When choosing a plot, you should first decide on the area you want to live in. Find the center of the city or village that you have chosen as your new home, and work from the center out. Make sure the community fits your lifestyle and your needs as a family or single person says Rebecca Groskreutz, a home builder.
Some additional items to consider are:
Are you particular about what/who you back up to? Consider if you don’t mind having backyard neighbors, of if you are willing to pay a premium for a home that has no one behind it. Consider water/park views, as well as negatives like power lines/train tracks. All of these things can positively and negatively impact your home value when it is completed.
Transportation: Do you need public transportation to get where you need to go?
Consider proximity to trains/busses/shopping when choosing a lot.
Schools: Do you have young children? If so, consider the quality of the schools that they will be going to. Verify school districts with your builder/realtor, and do your research. Are they highly rated? Are they over-populated? How far is it to the schools they will be attending?
Direction: Which direction do you want your home to face? If you are going to put a pool in, then go for a north/south facing lot for maximum sun exposure. Consider the placement of windows/rooms in your home should you choose a home facing east or west.
Grade: What type of home elevation are you looking for? Walk-out lots allow for maximum use of basement space and allow for entry/exit, but will provide you with great natural light from the windows that will be installed above ground level. Even grade lots are great because they save you the cost of installing a deck, however, if you plan to finish your basement, you may not like the window wells that will be installed on an even-grade lot. Not only will walk-out and look-out lots cost more because they are considered premium lots, but the cost to build your home will be a bit more as well.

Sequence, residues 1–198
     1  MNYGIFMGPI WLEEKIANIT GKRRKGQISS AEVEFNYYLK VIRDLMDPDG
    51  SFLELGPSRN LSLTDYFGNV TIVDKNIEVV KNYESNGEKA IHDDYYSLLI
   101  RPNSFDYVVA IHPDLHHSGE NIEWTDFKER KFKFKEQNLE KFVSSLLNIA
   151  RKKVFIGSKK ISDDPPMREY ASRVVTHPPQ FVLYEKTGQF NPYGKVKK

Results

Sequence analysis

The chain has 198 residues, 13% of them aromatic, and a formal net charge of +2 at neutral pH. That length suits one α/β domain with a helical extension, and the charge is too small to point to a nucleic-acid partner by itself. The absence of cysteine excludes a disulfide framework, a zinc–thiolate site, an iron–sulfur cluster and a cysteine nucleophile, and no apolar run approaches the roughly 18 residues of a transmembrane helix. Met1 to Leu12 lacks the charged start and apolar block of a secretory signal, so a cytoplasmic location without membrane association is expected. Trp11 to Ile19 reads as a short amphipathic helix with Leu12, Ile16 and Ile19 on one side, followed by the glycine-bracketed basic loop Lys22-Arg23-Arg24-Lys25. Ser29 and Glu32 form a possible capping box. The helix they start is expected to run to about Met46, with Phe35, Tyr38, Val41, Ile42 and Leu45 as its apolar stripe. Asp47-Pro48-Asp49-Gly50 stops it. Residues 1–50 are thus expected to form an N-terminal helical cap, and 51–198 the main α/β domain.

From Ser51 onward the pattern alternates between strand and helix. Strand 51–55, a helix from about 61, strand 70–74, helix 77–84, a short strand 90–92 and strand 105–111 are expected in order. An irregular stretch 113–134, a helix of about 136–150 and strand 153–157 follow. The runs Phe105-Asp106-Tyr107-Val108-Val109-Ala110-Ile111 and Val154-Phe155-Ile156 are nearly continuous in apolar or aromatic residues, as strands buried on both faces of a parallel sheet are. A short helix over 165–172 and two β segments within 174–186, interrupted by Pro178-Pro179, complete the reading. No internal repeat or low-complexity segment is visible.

Community Restrictions: Most new communities now have covenants and restrictions that were put into effect prior to the construction of the first new home. They address such things as pools, fences, house sizes, pets, and landscaping. Make sure you receive a copy of these prior to purchasing the land in order to insure that there are no restrictions included that may impede the progress of your desired home.
Remember that the land purchase is just as important as the home and the builder. All of these decisions will lead to the completion of the final product, and you don’t want to be surprised by costs or regulations that may pop up during construction. The best way to avoid stress and horror stories is to do your homework yourself. Don’t depend on others to verify questions that you should be asking! Happy Home building!